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Explorer Set to Drill on 'Standout' Target in the Golden Triangle
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Gwen  Preston Resource Maven Gwen Preston describes how leadership and a promising project in British Columbia translates to a compelling option for investors.

The thing about experience is it lets you see current situations in context—opportunities are more apparent when you've gone through the experience before.

Libero Copper Corp. (LBC:TSX.V:, LBCMF:OTCQB) was established in 2016 for exactly this reason. A group of geologists and mining executives looked at the nascent bull market through the lens of their past successes and decided to start accumulating copper projects.

The team started with two people: Leo Hathaway and Ian Slater. Both deserve some comment.

Hathaway was Ross Beaty's main geologist in the Lumina Group. He vetted projects as Lumina built up its copper portfolio in 2004 and 2005, and he managed exploration on the assets they did acquire.

As the market strengthened, Lumina was "star burst" into six separate companies, each with one key project. Five got bought out in the last bull market; the fifth sold in 2014. Together these projects brought in $1.6 billion, generating a 20-for-1 return on capital for shareholders.

Lumina is the stuff of legend in the mining space. It's incredibly rare for one company to attract $1.6 billion in buyouts. But the logic was straightforward:

  • Buy copper projects when no one cared about copper;
  • Ensure projects were free of fatal flaws, be it metallurgy or social issues or grade or infrastructure;
  • Focus on projects with known mineralization but also significant exploration potential;
  • Grow and de-risk each deposit as the market strengthened so that they stood out as advanced, clear opportunities when a strong market put mining companies on the hunt for acquisitions.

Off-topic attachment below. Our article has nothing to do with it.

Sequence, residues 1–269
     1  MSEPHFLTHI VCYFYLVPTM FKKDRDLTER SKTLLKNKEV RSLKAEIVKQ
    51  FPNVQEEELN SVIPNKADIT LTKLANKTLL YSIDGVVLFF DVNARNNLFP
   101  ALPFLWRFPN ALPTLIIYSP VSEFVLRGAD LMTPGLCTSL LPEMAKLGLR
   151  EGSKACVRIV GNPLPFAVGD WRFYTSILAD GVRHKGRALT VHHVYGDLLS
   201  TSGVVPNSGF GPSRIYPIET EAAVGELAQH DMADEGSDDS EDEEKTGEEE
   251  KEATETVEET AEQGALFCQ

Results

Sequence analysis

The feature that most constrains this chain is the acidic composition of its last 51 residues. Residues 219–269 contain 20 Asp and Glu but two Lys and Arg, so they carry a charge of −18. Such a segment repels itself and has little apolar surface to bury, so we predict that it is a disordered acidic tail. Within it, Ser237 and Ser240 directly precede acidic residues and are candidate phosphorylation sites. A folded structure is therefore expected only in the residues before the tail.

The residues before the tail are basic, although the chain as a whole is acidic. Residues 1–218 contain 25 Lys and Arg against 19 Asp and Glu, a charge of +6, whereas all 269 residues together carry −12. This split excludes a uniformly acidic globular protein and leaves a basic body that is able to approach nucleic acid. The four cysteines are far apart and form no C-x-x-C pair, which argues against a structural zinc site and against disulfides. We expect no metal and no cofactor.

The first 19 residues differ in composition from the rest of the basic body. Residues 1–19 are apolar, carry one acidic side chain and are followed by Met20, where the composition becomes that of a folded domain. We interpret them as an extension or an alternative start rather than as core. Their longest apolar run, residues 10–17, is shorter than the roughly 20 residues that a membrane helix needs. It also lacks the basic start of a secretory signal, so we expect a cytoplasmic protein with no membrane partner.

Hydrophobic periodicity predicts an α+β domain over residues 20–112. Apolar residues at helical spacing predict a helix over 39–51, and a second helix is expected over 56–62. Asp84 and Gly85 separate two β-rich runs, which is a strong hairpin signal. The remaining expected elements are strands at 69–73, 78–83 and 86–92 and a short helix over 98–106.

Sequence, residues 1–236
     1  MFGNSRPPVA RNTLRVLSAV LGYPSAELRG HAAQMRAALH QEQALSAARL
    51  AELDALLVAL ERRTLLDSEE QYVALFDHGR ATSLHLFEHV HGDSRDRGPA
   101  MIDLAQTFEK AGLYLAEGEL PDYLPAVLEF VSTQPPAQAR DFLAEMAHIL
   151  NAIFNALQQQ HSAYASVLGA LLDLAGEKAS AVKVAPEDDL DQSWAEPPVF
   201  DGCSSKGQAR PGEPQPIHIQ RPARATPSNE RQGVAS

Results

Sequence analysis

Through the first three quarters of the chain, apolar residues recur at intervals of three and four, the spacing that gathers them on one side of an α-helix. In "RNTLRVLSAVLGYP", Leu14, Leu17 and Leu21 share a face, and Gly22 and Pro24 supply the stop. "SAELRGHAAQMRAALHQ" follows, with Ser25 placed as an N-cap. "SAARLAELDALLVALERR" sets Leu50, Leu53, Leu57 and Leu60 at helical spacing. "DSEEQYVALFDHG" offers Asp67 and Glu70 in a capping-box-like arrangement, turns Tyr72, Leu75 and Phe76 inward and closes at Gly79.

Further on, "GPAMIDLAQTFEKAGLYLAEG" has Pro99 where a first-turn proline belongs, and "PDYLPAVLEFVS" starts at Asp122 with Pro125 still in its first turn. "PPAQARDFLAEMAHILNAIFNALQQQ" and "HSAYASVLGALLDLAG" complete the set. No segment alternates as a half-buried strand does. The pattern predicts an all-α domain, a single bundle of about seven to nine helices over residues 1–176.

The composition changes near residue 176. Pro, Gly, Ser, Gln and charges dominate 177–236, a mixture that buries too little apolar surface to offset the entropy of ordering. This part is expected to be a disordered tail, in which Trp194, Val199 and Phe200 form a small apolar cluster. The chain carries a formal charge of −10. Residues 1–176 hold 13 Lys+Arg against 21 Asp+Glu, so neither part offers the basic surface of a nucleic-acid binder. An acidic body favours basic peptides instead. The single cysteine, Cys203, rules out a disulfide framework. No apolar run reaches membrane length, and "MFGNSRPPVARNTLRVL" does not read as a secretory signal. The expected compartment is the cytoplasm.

Ross Beaty gets most of the attention for Lumina's incredible success but he certainly didn't do it alone. Beaty certainly had the vision, but he relied on experts to enact the plan.

Hathaway was central in that expertise. He vetted each project that Lumina considered and bought. He helped craft each project deal. Once projects were in the Lumina fold, he ran the exploration programs and directed the de-risking, which ran from permitting and social license to water and roads.

Success on the Lumina scale is addictive. So I was not at all surprised when Leo told me that he was started a new Lumina-model company, for the next bull market.

Lots of people are trying this. Hathaway is way ahead of all of them because he has done it before.

But Hathaway couldn't set up Lumina 2.0 on his own—he is a geologist, not a junior mining executive. He needed someone else to fill those shoes, which is where Ian Slater fits in.

Maven readers might recognize Slater's name. . .and not for the best reason. Slater was the head of Red Eagle Mining, which stands as the worst investment I have made in the Maven portfolio. Red Eagle built an underground gold mine in Colombia, but insufficient engineering based on poor rock-type understanding meant the mine failed and Red Eagle went bankrupt.

Responsibility for that failure rests with Slater and the Red Eagle board of directors. Slater is an accountant by training. He knew he lacked the knowledge to build a mine so he built a team to get the job done. A few key members of that team overpromised and underdelivered.

Slater didn't have the technical background to realize the errors in time. When he did, he tried hard to salvage the operation but leverage on the construction debt took Red Eagle down before he could make it work.

To be honest, when it happened I thought I would never back an Ian Slater deal again. Complete losses really burn. Yet here I am investing in Libero. What gives?

Two things. First, Libero is an explorer, not a developer. I would not back Slater again were he planning to build another mine, but that is not what he's doing. He's running a gold exploration company, which is a very different—and much easier—gig. I don't mean to say that running a junior explore-co is easy, because it is not, but it is easier and far less technical than building a mine.

Second, I just said that running a junior explore-co is not easy. It takes a particular kind of person to do it successfully—and even despite the Red Eagle failure, Ian Slater is that kind of person.

Slater raised over $100 million during the bear market to build Red Eagle's mine. He convinced investors to have faith in Colombia. He guided a social outreach program that generated true support for the mine within the local community. He never shied away from questions, even as bankruptcy drew near.